Joachim Schmid studied visual communication between 1976 and 1981 and after he began his career as a freelance writer he quickly became known for his criticism of the prevailing notions of art photography – instead advocating for a broader critique of photography as a cultural practice. I looked at his work whilst studying Context & Narrative (Level 1) and so had already accessed both links provided. The Interview with Sharon Boothroyd
On 10th December 2013 focussed on his interest in repetitive patterns in snapshots such as food and hands. He began by being interested in vernacular photography as a cultural practice with the idea of creating a visual survey of snapshot photography in the C20th. I was interested that he called this ‘gathering’ rather than ‘collecting’ – so general rather than specific. He expressed his enthusiasm for the advent of digital technology and sites such as Flickr because he had access to even more photographs.
The second link provides a video of Schmid discussing his work with Divya Rao Heffley and an essay by Heffley. The video begins with Schmid searching through boxes of photographs in a fleamarket and then moves indoors to the interview. He calls his ‘gathering’ archaeological research, whilst only acquiring interesting photographs. He began in 1982 when he found a photograph in the street and then began collecting these discarded objects (Pictures from the Street (1982-2012)). Schmid then moved onto being more systematic – visiting particular places in various Cities and roaming systematically – listing and cataloguing his finds in various categories (Photographic Garbage Survey Project (1996-97).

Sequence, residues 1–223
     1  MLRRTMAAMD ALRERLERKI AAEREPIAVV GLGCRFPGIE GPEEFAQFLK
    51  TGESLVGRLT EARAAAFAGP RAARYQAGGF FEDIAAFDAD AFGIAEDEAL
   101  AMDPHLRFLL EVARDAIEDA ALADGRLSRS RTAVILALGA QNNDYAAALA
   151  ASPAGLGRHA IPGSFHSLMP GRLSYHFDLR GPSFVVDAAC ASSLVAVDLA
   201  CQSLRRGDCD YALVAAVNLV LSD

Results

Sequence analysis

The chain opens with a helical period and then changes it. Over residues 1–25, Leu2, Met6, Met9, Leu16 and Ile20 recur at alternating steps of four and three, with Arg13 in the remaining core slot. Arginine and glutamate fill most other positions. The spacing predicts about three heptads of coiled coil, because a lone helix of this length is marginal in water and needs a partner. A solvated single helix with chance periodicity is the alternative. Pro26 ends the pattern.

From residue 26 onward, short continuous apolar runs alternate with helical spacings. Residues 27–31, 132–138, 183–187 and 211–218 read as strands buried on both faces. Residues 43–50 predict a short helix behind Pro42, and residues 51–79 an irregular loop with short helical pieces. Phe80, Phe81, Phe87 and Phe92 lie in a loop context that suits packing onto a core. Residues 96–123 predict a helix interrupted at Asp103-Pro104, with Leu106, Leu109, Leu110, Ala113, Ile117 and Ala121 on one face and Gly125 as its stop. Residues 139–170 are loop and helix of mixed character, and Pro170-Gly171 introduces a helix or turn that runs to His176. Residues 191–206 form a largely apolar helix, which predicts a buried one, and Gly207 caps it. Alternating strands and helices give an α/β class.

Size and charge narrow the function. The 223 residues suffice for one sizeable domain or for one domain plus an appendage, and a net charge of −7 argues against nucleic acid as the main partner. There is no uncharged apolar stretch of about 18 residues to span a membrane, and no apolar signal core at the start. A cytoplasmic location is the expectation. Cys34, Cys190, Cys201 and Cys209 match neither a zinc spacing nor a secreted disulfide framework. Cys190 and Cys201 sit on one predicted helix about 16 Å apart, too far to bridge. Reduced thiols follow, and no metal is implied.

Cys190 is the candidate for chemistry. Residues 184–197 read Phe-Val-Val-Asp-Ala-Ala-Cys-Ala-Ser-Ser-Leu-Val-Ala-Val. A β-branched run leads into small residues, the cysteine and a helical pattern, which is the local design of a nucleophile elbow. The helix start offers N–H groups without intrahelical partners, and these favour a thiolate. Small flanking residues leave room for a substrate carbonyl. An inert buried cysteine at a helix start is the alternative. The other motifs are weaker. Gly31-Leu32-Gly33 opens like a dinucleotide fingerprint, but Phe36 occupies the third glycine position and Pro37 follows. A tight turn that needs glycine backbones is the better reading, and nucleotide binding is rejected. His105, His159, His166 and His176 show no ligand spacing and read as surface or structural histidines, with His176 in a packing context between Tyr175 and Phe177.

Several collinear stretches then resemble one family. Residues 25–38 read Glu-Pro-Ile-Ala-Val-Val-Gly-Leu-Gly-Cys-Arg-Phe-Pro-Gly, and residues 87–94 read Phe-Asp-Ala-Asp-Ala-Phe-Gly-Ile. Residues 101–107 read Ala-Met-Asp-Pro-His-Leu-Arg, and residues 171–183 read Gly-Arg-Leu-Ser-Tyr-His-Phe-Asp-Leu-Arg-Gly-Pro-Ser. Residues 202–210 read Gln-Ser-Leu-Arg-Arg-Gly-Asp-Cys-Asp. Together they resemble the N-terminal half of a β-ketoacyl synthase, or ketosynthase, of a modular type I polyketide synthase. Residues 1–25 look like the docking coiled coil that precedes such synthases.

“It’s amazing to see how much human energy is spent on the destruction of these pictures” (c7 min in) the dirt they take on, how they look. He calls his collection an Anti-Museum. this kind of collecting came to a natural end for him with the arrival of digital photography – people press the delete button so nothing in the street for him anymore. He talks of how people photograph food now where they didn’t before (see below) and apply photography in every situation – some of it strange/very strange. His curiosity about these practices shines through. “Somehow we all end up taking the same photographs” (c10.17 in). One collection is of photographs of newspaper on particular days. Again it was addictive to begin with having this unlimited supply but he was now trying to slow down.
He is seen showing his wife, Angelika Theuss, his new book One Day in May a record of 50 shootings in one day. His wife is asked about his obsession’ and she confirms this is less now, for instance the other day he picked up a photograph in the street, looked at it for a while and then put it in the mailbox.
Heffley’s essay is a response to the video and these points interested me:-
- By gathering rejects “Schmid’s work asks us to reconsider the so-called photographic canon, which depends on weighty notions of history, authenticity, and authorship”.
- The traces of human action on the photographs (tearing, worn folds) “…. Are, for Schmid, the most revealing, and reflect the role that photography plays in everyday life. He is interested in the photograph as object